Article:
In A Psychedelic Virtual Reality we discussed how VR may take inspiration from psychedelic drugs and facilitate for non-dual states of consciousness through the merging of self and other.

Virtual Embodiment

The most praised ability of Virtual Reality is its capability to immerse the user in a Virtual Environment — to the degree that the subject feels present in it. The magic is to be fooled by the system so that one feels present where one actually does not physically reside. This effect can, however, turn even more magical. A deeper step into the effects of technological immersion is found in the concept of Virtual Embodiment. If a subject is embodied virtually,  not only is the virtual environment accepted as such; the subject also identifies with a virtual body or avatar inside the virtual environment. This differs from realizing which character you control in a game — within Virtual Embodiment it is the same processes that make you identify with your real body that makes you identify with a virtual one. This is a key point, as it is why research into virtual embodiment is important.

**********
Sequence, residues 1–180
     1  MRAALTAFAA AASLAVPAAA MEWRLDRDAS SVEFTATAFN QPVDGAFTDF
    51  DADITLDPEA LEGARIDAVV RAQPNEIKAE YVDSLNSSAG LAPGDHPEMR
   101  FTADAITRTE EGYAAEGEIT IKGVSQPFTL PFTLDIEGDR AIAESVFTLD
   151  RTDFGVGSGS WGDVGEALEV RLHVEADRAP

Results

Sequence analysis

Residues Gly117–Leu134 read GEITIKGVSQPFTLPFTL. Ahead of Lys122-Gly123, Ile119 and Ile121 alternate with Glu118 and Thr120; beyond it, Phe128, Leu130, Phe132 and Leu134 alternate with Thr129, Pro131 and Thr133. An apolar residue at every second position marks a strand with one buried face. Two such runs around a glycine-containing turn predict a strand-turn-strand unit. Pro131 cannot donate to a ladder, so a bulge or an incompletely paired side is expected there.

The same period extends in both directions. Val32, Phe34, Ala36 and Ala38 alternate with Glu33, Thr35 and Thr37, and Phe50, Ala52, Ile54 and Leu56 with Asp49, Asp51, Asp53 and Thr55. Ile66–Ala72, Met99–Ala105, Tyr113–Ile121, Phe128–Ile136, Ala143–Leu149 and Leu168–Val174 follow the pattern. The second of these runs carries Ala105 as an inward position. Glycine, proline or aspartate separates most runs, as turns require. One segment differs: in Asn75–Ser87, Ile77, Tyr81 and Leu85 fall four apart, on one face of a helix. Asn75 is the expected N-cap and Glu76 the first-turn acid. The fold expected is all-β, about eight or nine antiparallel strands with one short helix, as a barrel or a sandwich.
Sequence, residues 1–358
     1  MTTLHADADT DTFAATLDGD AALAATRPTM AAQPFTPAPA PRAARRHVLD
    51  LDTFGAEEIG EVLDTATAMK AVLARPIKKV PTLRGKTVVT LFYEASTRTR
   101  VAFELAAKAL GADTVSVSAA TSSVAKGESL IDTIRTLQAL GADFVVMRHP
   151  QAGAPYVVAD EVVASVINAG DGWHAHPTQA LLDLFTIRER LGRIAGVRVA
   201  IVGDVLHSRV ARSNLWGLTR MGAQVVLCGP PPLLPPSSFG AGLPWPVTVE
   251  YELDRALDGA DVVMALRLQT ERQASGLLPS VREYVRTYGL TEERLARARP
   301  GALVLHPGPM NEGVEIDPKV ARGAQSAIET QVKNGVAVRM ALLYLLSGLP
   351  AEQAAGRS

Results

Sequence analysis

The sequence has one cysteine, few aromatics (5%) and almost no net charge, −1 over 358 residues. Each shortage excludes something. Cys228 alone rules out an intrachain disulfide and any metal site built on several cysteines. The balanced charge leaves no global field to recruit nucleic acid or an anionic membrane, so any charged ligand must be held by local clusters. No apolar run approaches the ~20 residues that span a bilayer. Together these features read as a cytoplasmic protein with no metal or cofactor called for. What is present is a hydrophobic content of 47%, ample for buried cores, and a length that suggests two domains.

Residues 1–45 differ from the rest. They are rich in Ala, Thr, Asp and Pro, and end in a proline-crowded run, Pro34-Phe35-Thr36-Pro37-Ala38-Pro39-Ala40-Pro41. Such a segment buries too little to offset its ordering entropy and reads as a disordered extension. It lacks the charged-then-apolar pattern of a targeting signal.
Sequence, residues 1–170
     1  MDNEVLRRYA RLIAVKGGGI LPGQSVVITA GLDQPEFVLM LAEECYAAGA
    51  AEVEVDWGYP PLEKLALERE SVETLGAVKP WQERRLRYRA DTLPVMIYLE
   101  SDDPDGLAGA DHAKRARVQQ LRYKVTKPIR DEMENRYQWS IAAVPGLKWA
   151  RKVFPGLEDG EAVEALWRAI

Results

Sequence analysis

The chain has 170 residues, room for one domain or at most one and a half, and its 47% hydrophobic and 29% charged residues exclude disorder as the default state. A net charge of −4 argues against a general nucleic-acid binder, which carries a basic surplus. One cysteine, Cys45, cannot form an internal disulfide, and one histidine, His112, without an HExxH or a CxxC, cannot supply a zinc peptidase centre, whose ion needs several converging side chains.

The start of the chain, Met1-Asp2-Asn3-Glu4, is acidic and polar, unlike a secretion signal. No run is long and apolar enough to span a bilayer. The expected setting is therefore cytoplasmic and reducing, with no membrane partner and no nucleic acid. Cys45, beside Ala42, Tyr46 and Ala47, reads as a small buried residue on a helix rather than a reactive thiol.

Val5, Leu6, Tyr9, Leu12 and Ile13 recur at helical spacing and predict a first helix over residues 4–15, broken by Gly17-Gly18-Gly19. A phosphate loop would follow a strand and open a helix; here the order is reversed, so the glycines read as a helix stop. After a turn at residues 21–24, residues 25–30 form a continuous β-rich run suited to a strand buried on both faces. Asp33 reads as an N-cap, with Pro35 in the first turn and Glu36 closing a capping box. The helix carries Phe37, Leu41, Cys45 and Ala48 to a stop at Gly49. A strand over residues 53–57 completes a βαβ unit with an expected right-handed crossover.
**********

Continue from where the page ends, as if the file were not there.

Screenshot 2018 07 20 at 13.05.27 - Virtual Embodiment
Peeling layers of the onion: VR can be a tool to discover who we are, through investigation of what and how we identify with our bodies. Illustration: “Mask of Day by Day” by Paulo Zerbato.

Hacking and Experimenting with Consciousness